To help settle their debate, they turn to the National Guideline Clearinghouse, which offers a synthesis of clinical guidelines regarding lipid screening in adults. Their disagreement is confirmed, but they are dismayed to find several other organizations offering their own, sometimes conflicting, guidelines. Both physicians wish that a better method existed to keep them up-to-date with these clinical guidelines—after all, both guidelines are now 3 years old—and more importantly, to know what to do in these complex, conflicting situations.

Unaware of any conflict, Mr. Fitzpatrick arrives the next morning for his fasting blood test.

Commentary 1

by Kenneth W. Goodman, PhD

There are few greater challenges than applying probabilistic data when the stakes are very high. Get it right and no one notices; get it wrong, and, it seems, everyone does. This has been true for millennia. It was true for the physicians of ancient Greece, and it is true for the most ably educated, experienced, and wired physicians of the 21st century. There is no escape from the need to make a judgment, a decision, under some amount of uncertainty.

Not all decisions raise ethical issues. High stakes at the racetrack matter much less than high stakes in the clinic or surgical suite. Because we value life and its handmaiden, health, there is an unequivocal moral duty to base medical decisions on the best available evidence. Surely this is uncontroversial; indeed, it would be perverse to suggest otherwise.

That was the easy part. Matters become difficult when we make 3 simple but crucial observations. First, there is quite a lot of evidence (and there has been for some time); second, some of this evidence is not very good; and, third, reasonable people often disagree about how best to distinguish the strong or good evidence from the other stuff.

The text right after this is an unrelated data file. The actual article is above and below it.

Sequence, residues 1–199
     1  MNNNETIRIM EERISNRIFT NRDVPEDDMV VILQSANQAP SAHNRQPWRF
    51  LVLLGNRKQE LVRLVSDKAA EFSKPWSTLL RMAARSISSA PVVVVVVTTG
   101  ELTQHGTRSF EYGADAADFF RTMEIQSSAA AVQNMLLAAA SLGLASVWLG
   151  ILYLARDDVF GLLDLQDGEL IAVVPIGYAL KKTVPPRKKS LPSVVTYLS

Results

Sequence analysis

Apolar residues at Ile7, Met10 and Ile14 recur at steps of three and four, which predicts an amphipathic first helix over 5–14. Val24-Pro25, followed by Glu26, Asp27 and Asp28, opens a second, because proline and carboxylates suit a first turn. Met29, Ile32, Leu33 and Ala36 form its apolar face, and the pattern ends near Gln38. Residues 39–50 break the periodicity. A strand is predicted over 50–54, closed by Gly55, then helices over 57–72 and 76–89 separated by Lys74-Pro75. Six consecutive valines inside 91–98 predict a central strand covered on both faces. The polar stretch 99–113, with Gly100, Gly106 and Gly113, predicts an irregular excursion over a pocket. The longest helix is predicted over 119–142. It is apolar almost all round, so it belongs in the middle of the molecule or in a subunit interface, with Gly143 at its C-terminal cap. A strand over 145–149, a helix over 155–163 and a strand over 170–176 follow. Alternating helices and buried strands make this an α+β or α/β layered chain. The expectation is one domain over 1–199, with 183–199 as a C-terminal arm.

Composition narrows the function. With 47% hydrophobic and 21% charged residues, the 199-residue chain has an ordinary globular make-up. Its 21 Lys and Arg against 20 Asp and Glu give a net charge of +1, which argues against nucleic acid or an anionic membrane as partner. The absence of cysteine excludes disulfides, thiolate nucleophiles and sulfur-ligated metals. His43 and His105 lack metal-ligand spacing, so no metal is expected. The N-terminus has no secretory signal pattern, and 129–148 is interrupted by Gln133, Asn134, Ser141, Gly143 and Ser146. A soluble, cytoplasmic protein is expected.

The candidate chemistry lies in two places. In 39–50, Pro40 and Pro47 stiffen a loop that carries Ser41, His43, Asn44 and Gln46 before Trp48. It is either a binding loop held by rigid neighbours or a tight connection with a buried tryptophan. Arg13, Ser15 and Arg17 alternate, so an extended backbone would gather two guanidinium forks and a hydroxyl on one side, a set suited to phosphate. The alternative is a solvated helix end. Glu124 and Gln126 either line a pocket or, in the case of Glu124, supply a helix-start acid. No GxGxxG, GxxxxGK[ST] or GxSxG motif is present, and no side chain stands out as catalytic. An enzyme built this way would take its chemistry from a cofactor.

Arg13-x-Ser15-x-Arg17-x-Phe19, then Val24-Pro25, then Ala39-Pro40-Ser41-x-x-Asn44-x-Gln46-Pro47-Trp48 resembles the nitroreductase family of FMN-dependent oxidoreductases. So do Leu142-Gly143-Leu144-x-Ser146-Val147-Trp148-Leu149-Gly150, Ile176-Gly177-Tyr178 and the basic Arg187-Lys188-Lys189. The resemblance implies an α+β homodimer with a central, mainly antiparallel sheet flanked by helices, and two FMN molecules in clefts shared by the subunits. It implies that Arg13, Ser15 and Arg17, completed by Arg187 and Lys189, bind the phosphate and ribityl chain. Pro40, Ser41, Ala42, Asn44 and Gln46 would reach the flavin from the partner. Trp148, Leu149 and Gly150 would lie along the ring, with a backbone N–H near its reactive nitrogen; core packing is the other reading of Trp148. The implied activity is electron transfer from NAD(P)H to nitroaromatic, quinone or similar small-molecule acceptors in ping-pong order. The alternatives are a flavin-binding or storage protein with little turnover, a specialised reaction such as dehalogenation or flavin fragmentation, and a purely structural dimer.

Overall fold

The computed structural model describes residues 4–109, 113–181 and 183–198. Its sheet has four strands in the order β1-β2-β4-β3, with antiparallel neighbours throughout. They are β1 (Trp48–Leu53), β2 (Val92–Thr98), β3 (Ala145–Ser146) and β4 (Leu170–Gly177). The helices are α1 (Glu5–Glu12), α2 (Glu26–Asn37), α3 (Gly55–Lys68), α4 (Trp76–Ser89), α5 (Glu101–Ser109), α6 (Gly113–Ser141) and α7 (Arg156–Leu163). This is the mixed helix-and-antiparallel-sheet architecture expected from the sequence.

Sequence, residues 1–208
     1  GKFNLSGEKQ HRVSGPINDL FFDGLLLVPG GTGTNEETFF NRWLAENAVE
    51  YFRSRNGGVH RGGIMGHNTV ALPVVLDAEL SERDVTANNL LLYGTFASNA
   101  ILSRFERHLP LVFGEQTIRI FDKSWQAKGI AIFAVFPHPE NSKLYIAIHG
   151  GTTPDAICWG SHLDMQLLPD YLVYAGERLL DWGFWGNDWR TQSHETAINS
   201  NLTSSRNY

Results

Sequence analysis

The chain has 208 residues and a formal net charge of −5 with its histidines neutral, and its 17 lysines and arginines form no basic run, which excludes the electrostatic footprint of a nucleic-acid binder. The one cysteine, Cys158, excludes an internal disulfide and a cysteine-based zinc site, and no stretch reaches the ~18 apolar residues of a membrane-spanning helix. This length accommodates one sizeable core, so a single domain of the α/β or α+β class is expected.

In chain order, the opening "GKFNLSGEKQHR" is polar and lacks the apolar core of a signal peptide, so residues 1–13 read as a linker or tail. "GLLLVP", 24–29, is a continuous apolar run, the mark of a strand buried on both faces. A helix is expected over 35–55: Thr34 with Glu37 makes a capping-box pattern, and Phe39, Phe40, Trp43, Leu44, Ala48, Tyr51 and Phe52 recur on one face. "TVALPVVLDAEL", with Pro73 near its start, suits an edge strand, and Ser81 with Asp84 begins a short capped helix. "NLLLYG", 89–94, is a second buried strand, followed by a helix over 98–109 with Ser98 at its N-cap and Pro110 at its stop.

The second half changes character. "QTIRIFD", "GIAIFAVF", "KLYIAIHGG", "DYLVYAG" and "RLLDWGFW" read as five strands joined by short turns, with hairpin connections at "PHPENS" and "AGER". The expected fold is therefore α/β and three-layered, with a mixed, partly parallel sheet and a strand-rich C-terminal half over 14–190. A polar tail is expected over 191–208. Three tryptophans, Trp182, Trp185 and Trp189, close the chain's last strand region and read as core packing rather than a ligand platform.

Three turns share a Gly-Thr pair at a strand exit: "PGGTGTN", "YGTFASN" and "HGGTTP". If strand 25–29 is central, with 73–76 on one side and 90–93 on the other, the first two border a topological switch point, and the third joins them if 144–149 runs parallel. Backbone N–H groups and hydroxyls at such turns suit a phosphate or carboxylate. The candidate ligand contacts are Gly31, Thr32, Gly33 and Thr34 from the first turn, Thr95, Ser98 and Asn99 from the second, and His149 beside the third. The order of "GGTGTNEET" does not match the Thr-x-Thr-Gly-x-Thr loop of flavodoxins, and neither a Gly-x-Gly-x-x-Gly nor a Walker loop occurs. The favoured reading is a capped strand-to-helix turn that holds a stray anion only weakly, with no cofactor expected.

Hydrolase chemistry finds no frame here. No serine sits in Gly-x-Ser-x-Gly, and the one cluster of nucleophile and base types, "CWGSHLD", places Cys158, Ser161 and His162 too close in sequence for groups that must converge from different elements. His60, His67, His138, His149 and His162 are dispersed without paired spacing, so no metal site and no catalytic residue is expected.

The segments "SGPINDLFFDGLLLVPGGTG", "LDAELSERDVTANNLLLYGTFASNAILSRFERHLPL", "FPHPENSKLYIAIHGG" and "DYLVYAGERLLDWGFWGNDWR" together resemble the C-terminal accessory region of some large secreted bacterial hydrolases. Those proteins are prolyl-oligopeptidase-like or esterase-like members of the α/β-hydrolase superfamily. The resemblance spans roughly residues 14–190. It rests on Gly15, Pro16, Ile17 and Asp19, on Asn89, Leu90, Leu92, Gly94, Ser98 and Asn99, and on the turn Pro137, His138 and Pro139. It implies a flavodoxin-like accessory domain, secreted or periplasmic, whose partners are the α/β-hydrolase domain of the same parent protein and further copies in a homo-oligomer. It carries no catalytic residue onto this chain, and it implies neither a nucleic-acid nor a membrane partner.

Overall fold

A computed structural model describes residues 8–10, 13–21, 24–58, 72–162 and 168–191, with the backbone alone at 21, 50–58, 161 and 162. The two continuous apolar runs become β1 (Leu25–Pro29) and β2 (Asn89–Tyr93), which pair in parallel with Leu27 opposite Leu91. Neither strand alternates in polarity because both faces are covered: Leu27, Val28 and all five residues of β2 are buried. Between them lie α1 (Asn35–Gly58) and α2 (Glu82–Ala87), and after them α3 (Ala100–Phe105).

One universally acknowledged source of good evidence is the randomized controlled trial, widely regarded as the gold standard for evidence to be applied by physicians and other health professionals. Such experiments are valuable precisely because of their design, which, when applied carefully, reduces confounding effects, identifies statistically significant correlations, and increases confidence in the reliability of findings. While the clinical trial as we know it is just over 50 years old, by the 1970s it was seen to be such a reliable source of biomedical knowledge that it was scandalous that more physicians did not know about those studies that bore directly on the clinical challenges they faced. The British epidemiologist Archie Cochrane gave us the leitmotif that has accompanied the recent evolution of evidence-based medicine: